Rooted in Renault’s achievements, the Alpine division teamed up with Caterham to develop the current generation of A110, but brought the project in-house after the partnership collapsed. We are looking again at the entire English Channel to design a replacement for the model. We worked with Lotus to explore how to create a nimble electric sports car.
The two companies have issued a statement carefully explaining that the project is still in its infancy. Development work has not started yet. Executives simply agreed to conduct a comprehensive feasibility study for joint engineering, design, and development of battery-powered models. On the French side, the car (assuming approved) will replace the A110. In the UK, it’s unclear whether the variant with the Lotus badge will get a torch from an existing model (such as Elise) or will be deployed as a standalone car.
It sounds like nothing has been decided yet, but the match makes sense. Alpine and Lotus are both niche players in the automotive industry, but they are part of a much larger group (Geely owns Lotus). And they both made their own name by making a light sports car. For example, neither has offered a rival to the Lamborghini Aventador. Working together, they can find a common solution to the problem of offsetting the mass of electric powertrains.
There is certainly the possibility of duplication, but Alpine and Lotus can stay in the opposite corners of the same room by placing their respective DNAs in the front and center. Their co-developed electric sports car needs to be small, agile and fast. From there, Lotus could shape its version as a convertible (or at least with a removable roof panel), and Alpine could turn that model into a coupe, the most closely related body style. Design is also a big difference. Lotus has previously hinted that future cars will borrow styling clues from Evia. I don’t know exactly where Alpine is heading, but there’s nothing to suggest that future cars will look like shrimp.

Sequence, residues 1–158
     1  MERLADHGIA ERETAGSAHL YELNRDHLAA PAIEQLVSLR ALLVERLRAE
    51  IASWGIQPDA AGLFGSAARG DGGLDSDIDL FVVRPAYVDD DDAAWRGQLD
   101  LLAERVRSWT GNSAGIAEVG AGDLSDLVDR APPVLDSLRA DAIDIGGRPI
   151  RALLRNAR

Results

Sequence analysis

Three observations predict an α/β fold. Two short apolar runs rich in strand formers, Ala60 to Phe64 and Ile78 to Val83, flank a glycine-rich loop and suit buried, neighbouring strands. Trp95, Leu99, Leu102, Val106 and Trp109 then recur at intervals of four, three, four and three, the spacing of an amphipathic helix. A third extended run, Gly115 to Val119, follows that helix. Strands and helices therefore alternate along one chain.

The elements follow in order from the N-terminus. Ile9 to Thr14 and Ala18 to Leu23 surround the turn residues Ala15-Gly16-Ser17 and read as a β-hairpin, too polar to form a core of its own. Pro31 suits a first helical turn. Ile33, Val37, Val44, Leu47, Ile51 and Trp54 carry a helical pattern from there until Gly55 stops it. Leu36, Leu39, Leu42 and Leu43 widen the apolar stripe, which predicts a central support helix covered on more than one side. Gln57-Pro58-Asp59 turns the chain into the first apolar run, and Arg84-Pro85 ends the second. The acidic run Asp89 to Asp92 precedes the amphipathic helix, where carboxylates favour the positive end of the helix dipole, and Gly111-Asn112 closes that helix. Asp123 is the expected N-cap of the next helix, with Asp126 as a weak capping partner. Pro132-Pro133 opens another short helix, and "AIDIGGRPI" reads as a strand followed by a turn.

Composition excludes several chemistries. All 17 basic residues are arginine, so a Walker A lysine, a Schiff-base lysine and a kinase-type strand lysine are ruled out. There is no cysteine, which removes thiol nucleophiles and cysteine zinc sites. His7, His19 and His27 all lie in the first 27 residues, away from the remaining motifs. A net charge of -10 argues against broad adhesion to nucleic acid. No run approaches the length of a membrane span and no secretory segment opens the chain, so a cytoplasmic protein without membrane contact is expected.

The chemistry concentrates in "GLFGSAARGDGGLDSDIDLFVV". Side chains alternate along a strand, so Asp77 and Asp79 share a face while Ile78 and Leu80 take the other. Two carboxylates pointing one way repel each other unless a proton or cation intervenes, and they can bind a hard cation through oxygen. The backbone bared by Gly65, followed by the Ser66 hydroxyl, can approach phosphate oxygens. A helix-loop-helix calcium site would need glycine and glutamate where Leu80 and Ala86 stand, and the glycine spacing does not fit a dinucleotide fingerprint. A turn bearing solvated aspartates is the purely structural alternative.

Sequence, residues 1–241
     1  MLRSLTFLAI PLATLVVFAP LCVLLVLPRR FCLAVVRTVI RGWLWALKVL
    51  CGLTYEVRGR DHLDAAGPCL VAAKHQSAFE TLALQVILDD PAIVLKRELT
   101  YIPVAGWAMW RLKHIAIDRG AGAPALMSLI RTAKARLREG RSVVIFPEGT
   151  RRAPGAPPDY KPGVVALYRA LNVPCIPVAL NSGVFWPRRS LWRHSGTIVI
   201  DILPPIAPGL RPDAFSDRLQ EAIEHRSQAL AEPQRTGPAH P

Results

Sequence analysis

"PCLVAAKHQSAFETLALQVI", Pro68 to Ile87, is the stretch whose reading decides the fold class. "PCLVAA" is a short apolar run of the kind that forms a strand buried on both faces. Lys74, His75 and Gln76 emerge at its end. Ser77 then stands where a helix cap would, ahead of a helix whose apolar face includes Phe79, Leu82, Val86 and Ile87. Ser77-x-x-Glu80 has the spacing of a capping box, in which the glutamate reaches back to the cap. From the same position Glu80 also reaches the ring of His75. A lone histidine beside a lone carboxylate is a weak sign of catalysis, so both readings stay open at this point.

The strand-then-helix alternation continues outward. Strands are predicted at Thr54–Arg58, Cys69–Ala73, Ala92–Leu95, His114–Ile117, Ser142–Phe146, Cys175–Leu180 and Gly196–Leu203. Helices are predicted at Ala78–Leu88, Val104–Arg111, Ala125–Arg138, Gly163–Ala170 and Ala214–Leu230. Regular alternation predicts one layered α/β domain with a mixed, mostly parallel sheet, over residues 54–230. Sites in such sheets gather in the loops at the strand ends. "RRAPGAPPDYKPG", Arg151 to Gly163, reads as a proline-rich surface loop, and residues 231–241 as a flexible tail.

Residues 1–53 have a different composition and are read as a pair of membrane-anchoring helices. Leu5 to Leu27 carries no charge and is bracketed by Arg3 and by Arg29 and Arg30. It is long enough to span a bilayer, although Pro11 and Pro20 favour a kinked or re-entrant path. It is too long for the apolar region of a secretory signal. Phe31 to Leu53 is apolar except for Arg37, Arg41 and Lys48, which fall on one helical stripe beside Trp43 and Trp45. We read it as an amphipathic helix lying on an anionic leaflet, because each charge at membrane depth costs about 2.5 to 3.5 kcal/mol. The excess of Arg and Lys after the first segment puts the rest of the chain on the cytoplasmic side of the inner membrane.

That’s not the only modification of Alpine. Renault announced that the company will take responsibility for Renault Sport and Renault Sport Racing over the next few years and will be 100% electric. At least three new models will be introduced in the early 2020s. A car that looks like a city-friendly hatchback, inevitably the first crossover, and the replacement of the A110 mentioned above. All three were previewed in a dark image (shown above) released during the presentation. They are described as “for me,” “for us,” and “for the weekend,” respectively.
We wouldn’t be surprised if the hatchback labeled “For Me” arrived as a sportier evolution of the Renault 5 prototype. The heritage is certainly there: Renault sold 5 alpine hot hatches from 1976 to 1984. Nonetheless, it’s a surprising pace of change for companies that until recently emphasized that it’s more about heritage than quantity. It remains to be seen if the new direction will lead Alpine to an unprecedented market, the United States.
Alpine and Lotus are also considering pooling their engineering expertise beyond the realm of electric vehicles to develop vehicles (or parts of vehicles) for other manufacturers. They can also integrate their motorsport efforts.
Alpine and Lotus Announce Partnership to Build Sporty EVs
Source link Alpine and Lotus Announce Partnership to Build Sporty EVs